The 159 Wolly is a good deal when it comes to very wide angles that will cover 8x10. True there isn't much coverage but they are little---you can't say that about a 165mm Super Angulon---and they are ridiculously cheap for what your getting.

Since I own and used both the 240 G and the 159 Wolly, and they are the lenses I often use when hiking for taking B&Ws for primarily contact prints (as you are planning) I think you'll be pleased with either one or both.
 

Ole

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John - note that the lens discussed so far was the 165mm Angulon, not the Super Angulon. The Angulon is nice and compact, usually in a #2 Compur shutter. The same size shutter as the 240 Symmar, incidentally :wink:
 

John Kasaian

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Ole,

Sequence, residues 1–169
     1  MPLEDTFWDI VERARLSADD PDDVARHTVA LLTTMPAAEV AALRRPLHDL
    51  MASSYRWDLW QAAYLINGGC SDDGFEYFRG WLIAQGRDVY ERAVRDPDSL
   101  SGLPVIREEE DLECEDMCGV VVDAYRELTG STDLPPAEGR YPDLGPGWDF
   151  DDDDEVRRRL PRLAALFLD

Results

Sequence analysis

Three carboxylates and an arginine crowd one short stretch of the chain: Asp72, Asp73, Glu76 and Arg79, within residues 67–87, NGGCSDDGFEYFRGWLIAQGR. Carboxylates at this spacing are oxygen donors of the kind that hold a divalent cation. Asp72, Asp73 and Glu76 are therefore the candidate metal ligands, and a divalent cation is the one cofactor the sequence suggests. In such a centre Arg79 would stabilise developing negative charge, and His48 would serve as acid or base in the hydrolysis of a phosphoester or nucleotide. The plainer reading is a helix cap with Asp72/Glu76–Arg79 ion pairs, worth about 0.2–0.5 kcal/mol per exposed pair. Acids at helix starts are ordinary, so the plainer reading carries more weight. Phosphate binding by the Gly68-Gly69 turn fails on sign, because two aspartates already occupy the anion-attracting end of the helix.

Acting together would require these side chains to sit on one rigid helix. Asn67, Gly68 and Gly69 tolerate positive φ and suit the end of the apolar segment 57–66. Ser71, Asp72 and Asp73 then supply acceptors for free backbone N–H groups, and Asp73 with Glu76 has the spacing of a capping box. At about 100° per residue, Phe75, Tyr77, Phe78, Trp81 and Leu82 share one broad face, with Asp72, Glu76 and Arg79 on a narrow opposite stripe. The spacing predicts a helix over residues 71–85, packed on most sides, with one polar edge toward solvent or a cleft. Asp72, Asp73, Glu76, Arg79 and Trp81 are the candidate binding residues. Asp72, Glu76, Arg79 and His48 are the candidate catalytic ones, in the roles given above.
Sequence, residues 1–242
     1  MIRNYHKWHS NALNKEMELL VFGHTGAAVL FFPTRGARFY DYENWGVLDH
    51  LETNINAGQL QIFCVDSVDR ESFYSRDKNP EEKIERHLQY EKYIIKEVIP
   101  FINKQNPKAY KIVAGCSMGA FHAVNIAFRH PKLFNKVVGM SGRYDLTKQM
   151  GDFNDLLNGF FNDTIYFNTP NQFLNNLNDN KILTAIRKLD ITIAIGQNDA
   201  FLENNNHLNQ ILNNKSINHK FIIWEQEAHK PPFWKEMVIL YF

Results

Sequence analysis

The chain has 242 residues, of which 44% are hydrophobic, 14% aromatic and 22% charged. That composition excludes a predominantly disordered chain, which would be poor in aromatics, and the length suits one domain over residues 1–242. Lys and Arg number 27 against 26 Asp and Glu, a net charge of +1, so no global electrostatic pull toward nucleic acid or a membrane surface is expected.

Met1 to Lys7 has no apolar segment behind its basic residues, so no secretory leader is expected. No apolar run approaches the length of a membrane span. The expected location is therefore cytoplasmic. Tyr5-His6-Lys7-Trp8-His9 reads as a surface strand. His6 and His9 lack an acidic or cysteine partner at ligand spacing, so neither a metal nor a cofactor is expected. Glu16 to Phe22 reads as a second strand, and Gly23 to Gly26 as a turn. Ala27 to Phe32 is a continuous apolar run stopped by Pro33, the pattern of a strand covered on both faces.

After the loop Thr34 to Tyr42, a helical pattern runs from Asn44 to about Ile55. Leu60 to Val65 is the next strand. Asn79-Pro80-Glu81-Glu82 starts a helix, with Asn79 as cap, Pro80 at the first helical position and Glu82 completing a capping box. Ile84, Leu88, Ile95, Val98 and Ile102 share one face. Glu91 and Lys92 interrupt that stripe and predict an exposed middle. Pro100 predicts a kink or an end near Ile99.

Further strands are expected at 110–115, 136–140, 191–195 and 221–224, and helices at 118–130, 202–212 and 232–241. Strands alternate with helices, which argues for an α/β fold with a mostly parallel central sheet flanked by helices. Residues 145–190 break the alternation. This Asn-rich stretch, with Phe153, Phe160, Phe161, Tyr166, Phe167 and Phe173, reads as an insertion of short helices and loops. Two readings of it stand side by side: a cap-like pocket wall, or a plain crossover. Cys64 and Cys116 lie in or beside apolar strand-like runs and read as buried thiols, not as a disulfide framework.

Yes, but when I was looking for a wider wide for my 8x10 I seriously cosidered a 165mm Super Angulon. Its "super" after all :smile: I didn't even know the "regular" 165 Angulon covered 8x10. It would be interesting to compare coverage offered by the 165mm Angulon, 159mm Wollensak WA and EWA, and 165 WA Dagor on an 8x10 to see what gives the most wiggle room.

Cheers!
 

Ole

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John - a "wider wide"? My 121mm SA barely covers - no wiggle room, going softer in the corners - but you won't find a much wider wide for 8x10"!
 

lee

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I have heard that the 110mm Scheinder will cover also without much movements


lee\c
 

vet173

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Aggie said:
Aggie, yer drivin me crazy. Well I guess i'm drivin the bus. I've seen this before in your post. What does it mean? John
 

Ole

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Look at the date of that post.

It stems from a time when Aggie deleted all her posts - "ancient history".